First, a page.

Design and analysis of agile frequency synthesizers for mobile communications
Abstract (Summary)The wireless market has experienced an exponential growth over the past few years. To sustain this growth dong with the increasing demands of new wireless standards, the cost, battery lifetime, and performance of wireless devices must all be enhanced. With the advancernent of radio fiequency (RF) technology and requirement for more integration, new RF wireless architectures are needed. One of the most critical components in a wireless transceiver is the fkequency synthesizer. It largely affects all three dimensions of a wireless transceiver design: cost, battery lifetime, and performance. In this thesis, new generations of RF synthesizer and transmitter architectures allowing low-power, high-performance and lower cost are presented. The common approach to fiequency synthesis design for wireless communication is to design an analog-compensated fractional-N phase-Iocked Ioop (PLL) . However, this technique suffers fiom lock time limitations and lack of adequate fractional spur suppression for third generation wireless standards. In this work, two new fast lock PLL architectures are reported to overcome the above mentioned limitations with the aid of digital signal processing. One such scheme makes use of modified digital sigmadelta modulator to cornpletely randomize fiactional spurs present in fractional-N PLLs as well as to reduce the level of phase noise produced by the sigma-delta modulator. This aids in fully integrating a high-performance PLL frequency synthesizer, and hence reducing cost. The use of this architecture for closed loop modulation is also examined. In another approach, a high frequency digital comparator aids in quickly acquiring fiequency lock. Very fast lock tixnes are achievable using this architecture. This architecture removes the PU'S fiequency resolution dependence on the loop fdter parameters. This helps to drastically reduce the size of the loop filter components, and enables them to be integrated on-chip. Although more suitable for low fiequency resolution applications, such as wkeless LAN and cordless, this architecture may be modified to obtain higher fiequency resolutions. The major advantages of this architecture hclude low-cost, low-power, and a fully monolithic solution. Throughout this work, Iow-pwer has been achieved by both architectural techniques as weH as circuit techniques. Architectural techniques enable tighter integration of the PLL's loop components on a single chip as well as faster lock tirne. Since the proposed techniques rely heavily on digital signal processing, low-power, high-performance digital logic families are reported. It is demonstrated how these logic famiIies may be used in the fkequency synthesizer architectures detailed above. Although differentid in nature, it is demonstrated that the use of these logic families dso helps to reduce area.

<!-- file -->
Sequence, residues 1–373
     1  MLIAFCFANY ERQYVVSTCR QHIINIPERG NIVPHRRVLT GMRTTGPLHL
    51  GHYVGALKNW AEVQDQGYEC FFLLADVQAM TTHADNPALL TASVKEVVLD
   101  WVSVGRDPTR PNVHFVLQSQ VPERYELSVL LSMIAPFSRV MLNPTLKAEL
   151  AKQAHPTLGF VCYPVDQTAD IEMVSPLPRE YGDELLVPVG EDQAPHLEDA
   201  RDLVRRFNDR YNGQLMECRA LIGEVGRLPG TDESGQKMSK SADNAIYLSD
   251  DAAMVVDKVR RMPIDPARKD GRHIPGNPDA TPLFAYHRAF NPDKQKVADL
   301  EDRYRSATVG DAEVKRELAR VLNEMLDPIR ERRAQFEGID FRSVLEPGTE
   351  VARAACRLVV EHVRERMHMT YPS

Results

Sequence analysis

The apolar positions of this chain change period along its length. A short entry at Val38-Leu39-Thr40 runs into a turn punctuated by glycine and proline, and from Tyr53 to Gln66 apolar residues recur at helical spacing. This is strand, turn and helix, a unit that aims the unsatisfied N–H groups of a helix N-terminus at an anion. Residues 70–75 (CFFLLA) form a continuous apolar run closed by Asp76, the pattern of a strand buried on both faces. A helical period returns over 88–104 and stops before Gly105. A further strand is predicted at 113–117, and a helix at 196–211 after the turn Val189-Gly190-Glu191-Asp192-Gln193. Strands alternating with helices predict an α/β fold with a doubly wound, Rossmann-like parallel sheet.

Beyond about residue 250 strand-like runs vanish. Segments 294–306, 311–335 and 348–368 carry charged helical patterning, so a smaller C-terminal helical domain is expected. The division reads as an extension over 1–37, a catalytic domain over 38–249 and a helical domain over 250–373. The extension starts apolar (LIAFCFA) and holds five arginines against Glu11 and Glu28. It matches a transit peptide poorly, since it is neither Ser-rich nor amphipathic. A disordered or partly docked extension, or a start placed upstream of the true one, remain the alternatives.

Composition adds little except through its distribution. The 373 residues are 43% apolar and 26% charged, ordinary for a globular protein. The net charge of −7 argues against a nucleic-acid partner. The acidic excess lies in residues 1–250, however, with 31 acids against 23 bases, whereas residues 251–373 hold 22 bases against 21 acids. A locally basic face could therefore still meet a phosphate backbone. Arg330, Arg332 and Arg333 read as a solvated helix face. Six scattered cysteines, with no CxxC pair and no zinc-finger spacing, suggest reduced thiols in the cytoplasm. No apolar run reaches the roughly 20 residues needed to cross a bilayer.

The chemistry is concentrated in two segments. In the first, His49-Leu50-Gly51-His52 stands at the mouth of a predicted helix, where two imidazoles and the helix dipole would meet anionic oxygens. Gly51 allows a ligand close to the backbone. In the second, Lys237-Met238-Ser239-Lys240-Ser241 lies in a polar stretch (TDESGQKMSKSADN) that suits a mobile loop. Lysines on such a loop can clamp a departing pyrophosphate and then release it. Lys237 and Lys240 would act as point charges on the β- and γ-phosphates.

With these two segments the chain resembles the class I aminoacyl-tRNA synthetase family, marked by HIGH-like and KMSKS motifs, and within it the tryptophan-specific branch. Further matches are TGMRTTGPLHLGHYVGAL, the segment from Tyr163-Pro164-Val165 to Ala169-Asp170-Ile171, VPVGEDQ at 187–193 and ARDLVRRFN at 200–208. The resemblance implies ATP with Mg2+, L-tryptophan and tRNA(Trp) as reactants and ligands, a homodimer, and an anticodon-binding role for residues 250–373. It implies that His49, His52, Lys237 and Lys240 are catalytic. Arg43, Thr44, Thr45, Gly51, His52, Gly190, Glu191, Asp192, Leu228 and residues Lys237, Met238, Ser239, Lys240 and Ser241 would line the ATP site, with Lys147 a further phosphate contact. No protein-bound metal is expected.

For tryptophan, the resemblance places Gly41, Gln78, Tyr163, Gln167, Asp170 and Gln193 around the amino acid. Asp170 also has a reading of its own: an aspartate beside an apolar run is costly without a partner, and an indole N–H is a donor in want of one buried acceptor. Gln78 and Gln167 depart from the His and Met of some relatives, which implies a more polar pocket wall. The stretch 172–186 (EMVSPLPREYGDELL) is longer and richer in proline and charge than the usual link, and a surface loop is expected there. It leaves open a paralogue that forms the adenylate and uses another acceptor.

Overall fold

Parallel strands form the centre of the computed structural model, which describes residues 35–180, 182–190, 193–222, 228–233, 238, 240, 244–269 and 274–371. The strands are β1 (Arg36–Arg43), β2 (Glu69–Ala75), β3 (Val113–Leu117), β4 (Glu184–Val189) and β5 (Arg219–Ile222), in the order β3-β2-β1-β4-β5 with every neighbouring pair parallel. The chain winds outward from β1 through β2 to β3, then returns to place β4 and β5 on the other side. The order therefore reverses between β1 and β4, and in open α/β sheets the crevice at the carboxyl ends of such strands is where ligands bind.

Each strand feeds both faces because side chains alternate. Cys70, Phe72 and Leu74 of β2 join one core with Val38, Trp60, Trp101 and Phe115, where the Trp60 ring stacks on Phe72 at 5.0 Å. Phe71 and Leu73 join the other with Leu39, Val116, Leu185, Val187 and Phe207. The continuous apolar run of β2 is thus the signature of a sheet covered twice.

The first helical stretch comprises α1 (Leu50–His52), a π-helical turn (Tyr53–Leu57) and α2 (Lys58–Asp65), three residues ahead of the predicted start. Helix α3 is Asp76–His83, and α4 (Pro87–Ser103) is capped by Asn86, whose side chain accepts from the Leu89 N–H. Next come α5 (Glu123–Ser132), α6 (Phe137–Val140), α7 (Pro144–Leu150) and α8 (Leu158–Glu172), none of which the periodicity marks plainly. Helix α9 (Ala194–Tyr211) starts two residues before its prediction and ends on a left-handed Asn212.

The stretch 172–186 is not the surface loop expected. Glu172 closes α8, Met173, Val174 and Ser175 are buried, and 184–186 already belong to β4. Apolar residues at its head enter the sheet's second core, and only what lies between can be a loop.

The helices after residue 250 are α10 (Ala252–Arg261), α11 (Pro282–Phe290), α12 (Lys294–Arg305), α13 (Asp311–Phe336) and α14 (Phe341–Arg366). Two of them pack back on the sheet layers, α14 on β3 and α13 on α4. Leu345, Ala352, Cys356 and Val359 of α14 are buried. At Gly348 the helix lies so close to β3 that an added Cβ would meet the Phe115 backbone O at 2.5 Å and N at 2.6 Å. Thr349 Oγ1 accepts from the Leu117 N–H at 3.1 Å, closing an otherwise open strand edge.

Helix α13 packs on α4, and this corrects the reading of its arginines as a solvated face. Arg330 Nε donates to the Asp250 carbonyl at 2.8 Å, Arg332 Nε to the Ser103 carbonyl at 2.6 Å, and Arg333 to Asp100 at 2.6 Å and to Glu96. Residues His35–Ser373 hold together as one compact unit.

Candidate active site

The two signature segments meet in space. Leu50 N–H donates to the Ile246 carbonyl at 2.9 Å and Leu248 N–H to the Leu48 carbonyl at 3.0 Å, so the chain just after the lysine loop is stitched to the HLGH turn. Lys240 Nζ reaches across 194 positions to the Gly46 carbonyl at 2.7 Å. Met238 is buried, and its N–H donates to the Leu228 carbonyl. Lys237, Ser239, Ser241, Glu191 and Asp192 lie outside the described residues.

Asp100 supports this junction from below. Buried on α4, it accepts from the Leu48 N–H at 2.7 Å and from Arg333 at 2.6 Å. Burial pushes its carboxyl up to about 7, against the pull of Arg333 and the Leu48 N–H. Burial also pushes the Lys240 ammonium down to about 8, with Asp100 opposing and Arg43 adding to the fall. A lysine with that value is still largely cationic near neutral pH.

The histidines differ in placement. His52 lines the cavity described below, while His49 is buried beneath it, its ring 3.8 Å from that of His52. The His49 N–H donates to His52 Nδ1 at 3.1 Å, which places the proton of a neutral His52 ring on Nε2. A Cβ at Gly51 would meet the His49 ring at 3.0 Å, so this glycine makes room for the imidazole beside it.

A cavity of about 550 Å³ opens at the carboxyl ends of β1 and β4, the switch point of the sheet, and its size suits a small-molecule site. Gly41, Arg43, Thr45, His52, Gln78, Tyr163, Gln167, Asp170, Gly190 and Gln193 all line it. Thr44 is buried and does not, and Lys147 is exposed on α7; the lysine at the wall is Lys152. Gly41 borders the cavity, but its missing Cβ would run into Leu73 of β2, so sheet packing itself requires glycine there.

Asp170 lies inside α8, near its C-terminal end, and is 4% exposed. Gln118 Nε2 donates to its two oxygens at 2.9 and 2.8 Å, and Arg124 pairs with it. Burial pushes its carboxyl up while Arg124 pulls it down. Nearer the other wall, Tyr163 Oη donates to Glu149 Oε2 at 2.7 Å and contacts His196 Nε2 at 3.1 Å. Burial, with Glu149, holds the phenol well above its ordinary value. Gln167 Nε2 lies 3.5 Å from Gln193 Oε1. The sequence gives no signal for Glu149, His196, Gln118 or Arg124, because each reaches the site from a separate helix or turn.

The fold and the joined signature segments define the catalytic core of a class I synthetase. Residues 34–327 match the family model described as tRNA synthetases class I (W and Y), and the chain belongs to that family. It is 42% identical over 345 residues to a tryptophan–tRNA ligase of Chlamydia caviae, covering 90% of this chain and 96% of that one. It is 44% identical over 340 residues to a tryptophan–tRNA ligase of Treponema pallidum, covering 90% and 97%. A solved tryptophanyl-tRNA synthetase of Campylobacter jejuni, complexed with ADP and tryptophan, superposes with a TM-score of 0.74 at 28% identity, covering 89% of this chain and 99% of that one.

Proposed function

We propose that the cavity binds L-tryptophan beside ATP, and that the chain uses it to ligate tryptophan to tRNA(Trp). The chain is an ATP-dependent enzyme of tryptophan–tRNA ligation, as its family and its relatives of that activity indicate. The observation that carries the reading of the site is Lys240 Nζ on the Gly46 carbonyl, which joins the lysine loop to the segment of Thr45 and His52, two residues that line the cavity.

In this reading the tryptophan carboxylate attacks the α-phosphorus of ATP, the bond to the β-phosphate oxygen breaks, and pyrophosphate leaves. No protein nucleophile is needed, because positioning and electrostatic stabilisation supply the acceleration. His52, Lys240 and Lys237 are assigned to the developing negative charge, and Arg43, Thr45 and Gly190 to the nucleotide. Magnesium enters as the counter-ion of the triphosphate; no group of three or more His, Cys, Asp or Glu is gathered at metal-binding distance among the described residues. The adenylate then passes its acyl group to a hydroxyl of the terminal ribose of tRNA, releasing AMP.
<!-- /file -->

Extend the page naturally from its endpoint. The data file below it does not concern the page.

Source Type:Master's Thesis
Date of Publication:01/01/2001